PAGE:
Not able to argue with the man who still pays a portion of my tuition, I sat down to throw together something about my first 9 to whenever the work got done legal job.
I thought about what I would put on a resume, but I couldn’t figure out how to reduce a whirlwind of a summer internship into a few bullet points.
Fellow with the Ohio Innocence Project: Responsibilities include:
- Tracking down witnesses to talk about cases they haven’t thought about since before I was old enough to drive.
- Begging underpaid public employees to “please just fish the dusty police reports from the bottom of unlabeled boxes and forward them to us.”
- Talking to an inmate’s crying mother.
- Talking to a crying inmate.
- Crying myself when I opened my first folder of crime scene photos
- Battling injustice.
- More research.
- Washing office dishes.
- Brief writing.
- Typo searching.
- Forsaking my long running opposition to anything resembling my tenth grade biology class to learn EXACTLY how mitochondrial DNA could free an innocent person.
I used the control A function to delete my draft and started over, this time trying to think about what I would tell if I had to turn my experience into one of those thirty second networking elevator speeches. “My name is Catlin, and I...” I couldn’t finish that one either.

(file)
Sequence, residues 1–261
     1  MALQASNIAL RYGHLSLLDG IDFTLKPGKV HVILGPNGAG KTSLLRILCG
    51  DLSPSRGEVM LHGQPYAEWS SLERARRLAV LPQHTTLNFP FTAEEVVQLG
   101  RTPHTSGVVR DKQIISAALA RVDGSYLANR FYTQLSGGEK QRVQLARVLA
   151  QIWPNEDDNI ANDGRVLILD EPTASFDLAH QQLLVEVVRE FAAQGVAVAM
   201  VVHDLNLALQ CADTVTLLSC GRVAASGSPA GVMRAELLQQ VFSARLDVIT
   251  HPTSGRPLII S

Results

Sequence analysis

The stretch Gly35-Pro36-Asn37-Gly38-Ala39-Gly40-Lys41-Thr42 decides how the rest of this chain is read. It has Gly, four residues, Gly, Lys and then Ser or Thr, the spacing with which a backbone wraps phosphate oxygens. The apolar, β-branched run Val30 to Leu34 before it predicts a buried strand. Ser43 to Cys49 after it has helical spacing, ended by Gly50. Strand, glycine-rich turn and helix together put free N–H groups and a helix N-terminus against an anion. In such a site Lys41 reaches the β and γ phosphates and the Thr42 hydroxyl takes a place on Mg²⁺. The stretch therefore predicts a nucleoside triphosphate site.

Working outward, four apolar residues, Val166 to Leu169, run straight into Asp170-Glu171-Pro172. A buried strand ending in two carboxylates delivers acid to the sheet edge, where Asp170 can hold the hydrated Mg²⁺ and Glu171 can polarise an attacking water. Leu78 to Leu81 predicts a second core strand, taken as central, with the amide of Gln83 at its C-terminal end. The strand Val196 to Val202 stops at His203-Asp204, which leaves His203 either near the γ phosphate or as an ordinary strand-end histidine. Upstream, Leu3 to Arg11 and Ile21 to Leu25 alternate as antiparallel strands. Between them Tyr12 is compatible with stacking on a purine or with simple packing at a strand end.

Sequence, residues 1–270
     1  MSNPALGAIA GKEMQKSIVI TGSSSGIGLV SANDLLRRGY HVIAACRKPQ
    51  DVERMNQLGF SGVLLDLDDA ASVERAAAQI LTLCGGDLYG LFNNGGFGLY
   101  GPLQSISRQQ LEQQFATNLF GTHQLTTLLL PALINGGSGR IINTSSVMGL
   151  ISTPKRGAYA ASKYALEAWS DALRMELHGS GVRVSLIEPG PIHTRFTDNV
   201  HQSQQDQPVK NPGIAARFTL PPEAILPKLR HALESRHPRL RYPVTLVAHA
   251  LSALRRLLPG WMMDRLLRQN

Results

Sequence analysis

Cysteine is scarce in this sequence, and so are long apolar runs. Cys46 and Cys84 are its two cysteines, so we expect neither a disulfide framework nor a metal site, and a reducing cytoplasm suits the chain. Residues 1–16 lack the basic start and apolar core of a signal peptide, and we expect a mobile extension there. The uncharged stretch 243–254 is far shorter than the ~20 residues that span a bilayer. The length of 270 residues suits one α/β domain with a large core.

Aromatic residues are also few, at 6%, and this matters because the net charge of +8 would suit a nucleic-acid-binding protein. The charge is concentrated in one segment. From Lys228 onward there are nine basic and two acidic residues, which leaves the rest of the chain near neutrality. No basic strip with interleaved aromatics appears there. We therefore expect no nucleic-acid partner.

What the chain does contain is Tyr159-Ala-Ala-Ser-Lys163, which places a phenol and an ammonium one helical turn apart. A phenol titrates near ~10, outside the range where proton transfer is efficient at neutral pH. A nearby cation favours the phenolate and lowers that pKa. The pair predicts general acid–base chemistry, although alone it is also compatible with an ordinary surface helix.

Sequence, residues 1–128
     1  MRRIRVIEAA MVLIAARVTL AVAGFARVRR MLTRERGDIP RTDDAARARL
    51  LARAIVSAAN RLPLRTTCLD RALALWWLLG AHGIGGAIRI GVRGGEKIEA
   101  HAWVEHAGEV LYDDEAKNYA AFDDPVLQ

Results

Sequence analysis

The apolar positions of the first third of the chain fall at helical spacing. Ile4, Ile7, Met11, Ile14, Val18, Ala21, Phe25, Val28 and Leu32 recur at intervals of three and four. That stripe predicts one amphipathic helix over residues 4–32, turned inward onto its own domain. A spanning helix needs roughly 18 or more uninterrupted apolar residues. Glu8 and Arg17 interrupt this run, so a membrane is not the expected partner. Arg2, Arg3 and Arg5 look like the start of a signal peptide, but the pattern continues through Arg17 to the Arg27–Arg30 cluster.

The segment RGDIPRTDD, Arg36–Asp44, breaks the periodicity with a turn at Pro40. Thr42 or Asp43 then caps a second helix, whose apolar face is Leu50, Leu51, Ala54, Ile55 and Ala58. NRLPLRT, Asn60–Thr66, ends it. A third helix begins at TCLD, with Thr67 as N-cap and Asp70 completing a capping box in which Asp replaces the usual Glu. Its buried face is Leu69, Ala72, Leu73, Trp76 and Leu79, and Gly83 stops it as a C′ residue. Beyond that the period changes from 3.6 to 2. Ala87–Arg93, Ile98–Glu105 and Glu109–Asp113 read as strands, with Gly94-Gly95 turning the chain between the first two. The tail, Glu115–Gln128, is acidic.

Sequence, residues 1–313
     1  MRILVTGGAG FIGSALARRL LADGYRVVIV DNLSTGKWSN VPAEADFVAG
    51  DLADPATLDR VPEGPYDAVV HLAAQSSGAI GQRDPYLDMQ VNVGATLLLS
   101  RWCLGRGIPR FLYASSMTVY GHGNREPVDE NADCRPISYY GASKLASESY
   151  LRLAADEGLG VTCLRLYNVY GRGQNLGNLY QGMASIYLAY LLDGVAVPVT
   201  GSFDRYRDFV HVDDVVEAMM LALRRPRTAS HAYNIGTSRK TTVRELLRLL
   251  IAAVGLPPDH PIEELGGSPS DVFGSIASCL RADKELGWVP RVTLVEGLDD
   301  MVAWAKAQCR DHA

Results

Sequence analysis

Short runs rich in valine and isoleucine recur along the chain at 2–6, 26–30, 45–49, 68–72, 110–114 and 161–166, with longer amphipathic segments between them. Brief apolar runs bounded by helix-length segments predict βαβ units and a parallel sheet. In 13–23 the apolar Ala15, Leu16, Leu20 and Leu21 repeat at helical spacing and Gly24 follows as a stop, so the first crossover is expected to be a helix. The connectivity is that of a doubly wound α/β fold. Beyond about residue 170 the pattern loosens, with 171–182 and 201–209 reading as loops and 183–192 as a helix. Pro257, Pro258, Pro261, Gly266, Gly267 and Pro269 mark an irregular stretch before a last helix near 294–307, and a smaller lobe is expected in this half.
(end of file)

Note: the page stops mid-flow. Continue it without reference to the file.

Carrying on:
Last week, I watched Ricky Jackson, a man who spent thirty nine years in prison for a crime that he did not commit, walk out of the jail doors and into life as a free man. Surrounded by a sea of microphones and questions, Ricky shrugged off questions about systematic injustice and the twelve year old whose testimony led to his incarceration. “I’m just glad to be out. I’m glad to be free.” At lunch a few hours later, Dean Gillispie, a Dayton exoneree, looked at Ricky and asked him if he’d used the bathroom yet. “Those sinks,” Dean said, “they just turn on by themselves.” When Ricky laughed, Dean gestured towards a line of exonerees and said, “It’s hard to get used to, but we’ll take care of you. You’re our brother now, you’re one of us. ”
Nothing follows the “I” of my elevator speech because what I am doing is not about me. My job is not about accumulating credentials, but about a man who, after almost four decades in jail had the compassion to forgive the kid who put him there. It’s about Dean, his line of brothers, and the other innocent men and women who still sit behind bars waiting until they too can throw their hands up and say, “I’m free.